With Apple’s Universal Links, you theoretically shouldn’t need to do any additional work to create a Geni.us link that opens in-app on iOS, since the URLs you’re likely already sharing (Amazon.com, Walmart.com, BestBuy.com, etc) are treated both as standard URLs and app content on iOS, as long as your audience has the respective apps installed on their iPhones.

HOWEVER:  With the testing we’ve done so far, we’ve discovered that putting these destinations within a Geni.us link results in iOS not recognizing the source destination as a valid Universal Link – this is something we’re actively working on a solution for, but right now this means that iOS Universal Links do not currently function as expected when used as a Geni.us link destination. 

Building Android App Links

For Android, right now the process to build a correctly formatted “App Link” is trickier than Universal Links, but from our testing, still work properly when used within a Geni.us link. In order to properly structure a destination so that it’s opened properly within Android Apps, you need to include the correct “intent filtering” and App “package” URI within the destination for Android to recognize which location within each App to open when the link is clicked.

Ultimately this is exactly where automation can help the most, (and what we’re looking to help simplify) but for now, we’ve included a spreadsheet which documents the App Link formatting for some of the most common Shopping and Social Media apps.

To help you understand how this works, here’s quick breakdown for Home Depot that works on Android now:

  1. Assume you start with this link: www.homedepot.com/p/Nearly-Natural-Indoor-82-in-Artificial-Olive-Tree-9160/308790368
  2. To find The Home Depot App “package” we perform a quick search of the Google Play Store: https://play.google.com/store/search?q=thehomedepot&c=apps
  3. Within the URL Address for The Home Depot App, we can see the following: https://play.google.com/store/apps/details?id=com.thehomedepotThe “?id=com.thehomedepot” section of this URL is what we’re interested in, specifically, “com.thehomedepot” – this is the “package” URI we need for the next step.
  4. To build the “Intent Filter” for The Home Depot with this information, we need to use the above package URI like so:“#Intent;package=” + <package URI> + ”;scheme=https;end”For Home Depot, this becomes:#Intent;package=com.thehomedepot;scheme=https;end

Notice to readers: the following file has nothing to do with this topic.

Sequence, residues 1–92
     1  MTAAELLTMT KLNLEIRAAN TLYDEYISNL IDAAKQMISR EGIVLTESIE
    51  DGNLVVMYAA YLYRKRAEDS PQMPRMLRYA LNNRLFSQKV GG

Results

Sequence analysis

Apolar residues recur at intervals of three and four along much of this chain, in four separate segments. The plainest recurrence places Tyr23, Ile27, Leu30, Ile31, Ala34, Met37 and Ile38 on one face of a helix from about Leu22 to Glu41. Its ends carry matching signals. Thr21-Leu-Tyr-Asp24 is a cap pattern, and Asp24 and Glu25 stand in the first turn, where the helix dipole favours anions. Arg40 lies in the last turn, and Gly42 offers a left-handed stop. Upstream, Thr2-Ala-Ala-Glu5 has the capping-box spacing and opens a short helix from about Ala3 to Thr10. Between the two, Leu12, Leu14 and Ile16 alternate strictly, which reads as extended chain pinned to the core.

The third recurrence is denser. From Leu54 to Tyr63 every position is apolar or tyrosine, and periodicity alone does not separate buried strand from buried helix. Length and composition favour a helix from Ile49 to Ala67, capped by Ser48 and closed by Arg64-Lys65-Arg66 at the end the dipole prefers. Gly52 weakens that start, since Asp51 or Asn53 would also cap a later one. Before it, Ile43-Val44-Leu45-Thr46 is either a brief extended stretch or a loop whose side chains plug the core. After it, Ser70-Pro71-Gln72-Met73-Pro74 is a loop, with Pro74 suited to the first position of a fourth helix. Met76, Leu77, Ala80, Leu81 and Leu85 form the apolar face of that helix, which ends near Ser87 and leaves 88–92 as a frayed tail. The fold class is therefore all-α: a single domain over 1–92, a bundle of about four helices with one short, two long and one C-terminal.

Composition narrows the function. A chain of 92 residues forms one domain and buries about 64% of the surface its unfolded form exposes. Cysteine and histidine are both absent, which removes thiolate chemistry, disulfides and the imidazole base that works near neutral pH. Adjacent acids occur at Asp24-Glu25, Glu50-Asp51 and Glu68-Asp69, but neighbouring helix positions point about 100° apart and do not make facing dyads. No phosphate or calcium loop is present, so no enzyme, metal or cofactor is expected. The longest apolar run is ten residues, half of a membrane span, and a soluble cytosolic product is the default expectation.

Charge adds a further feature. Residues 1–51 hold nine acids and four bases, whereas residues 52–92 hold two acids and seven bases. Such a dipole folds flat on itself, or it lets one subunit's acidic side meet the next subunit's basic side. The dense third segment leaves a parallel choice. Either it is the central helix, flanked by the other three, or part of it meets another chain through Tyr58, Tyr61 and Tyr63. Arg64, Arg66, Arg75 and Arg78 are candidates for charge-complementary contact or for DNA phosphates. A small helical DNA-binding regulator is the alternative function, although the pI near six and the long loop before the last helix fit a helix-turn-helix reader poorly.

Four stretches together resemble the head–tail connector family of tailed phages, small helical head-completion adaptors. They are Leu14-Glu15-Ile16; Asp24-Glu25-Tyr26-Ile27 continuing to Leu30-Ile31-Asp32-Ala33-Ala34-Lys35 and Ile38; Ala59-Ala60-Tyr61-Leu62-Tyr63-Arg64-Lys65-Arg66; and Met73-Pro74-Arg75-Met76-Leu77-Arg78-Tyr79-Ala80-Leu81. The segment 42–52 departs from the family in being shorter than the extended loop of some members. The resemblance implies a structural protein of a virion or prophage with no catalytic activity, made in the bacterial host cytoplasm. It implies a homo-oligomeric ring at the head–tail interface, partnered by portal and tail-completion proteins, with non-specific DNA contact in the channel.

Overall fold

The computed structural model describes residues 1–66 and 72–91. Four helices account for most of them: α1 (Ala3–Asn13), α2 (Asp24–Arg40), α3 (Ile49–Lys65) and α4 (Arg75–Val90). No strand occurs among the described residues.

5. We then need to append this Intent Filter to the end of our original Product URL we started with, with an additional “intent://” before the original URL.:The structure for this looks like:“intent://” + <original product URL> + “#Intent;package=com.thehomedepot;scheme=https;end”
  6. The “final” App Link should look like this: intent://www.homedepot.com/p/Nearly-Natural-Indoor-82-in-Artificial-Olive-Tree-9160/308790368#Intent;package=com.thehomedepot;scheme=https;end
  7. Copy this address and paste it into a new Geni.us link! If you then try clicking the Geni.us link from Android, you’ll see the link open in-app (if you have The Home Depot App installed) otherwise, Android will automatically open the Play Store to The Home Depot App for you to install.
  8. If you’re reading this article on mobile, try clicking this link – it should load The Home Depot App in the Play Store if you do not have it already installed, but will otherwise load the product directly in the app if you do: https://geni.us/HomeDepotIntentExample
  9. To help ensure your Android App links work properly on both desktop and mobile, we recommend using our “Advanced Options” feature to setup a rule for “If OS is Android” to direct clicks to the Android App Link, like so:

Geniuslink and Automatic Deep Links

While Apple has done a fantastic job of simplifying mobile deep linking with Universal Links, there’s still room for improvement – primarily, it’s a matter of documenting which mobile apps support mobile deep linking, (and in the case with Android) knowing the correct link structure/intent in order to consistently deliver your audience to the appropriate locations within each app.

Our team is hard at work documenting these details as we work to build out fully automated deep linking support. In the future, we hope to be able to provide Geniuslink clients with the ability to create mobile-optimized links automatically, whenever we detect that a destination you’re linking to is supported on each operating system.

We want to eliminate as much of the guess-work as possible, so you can focus on sharing links, knowing they’ll work seamlessly on both iOS and Android! 

While we’re still a ways off from introducing this functionality, we hope the details we’ve provided in this article will help provide some value to those of you who are interested in optimizing your links for mobile now – between Universal Links and the (albeit limited) documentation on common Android App Link formats, you should be able to build links now within Geniuslink using these formats that will work great on mobile devices.


  • Jesse Lakes

    Jesse is a Native Montanan and the co-founder and CEO of Geniuslink - or, as he likes to say, head cheerleader. Before Jesse co-founded Geniuslink, he was a whitewater rafting guide, worked at a sushi restaurant, a skate/snowboard shop, was a professional student, and then became the first Global Manager at Apple for the iTunes Affiliate Program.


  • Jesse Lakes

    Jesse is a Native Montanan and the co-founder and CEO of Geniuslink - or, as he likes to say, head cheerleader. Before Jesse co-founded Geniuslink, he was a whitewater rafting guide, worked at a sushi restaurant, a skate/snowboard shop, was a professional student, and then became the first Global Manager at Apple for the iTunes Affiliate Program.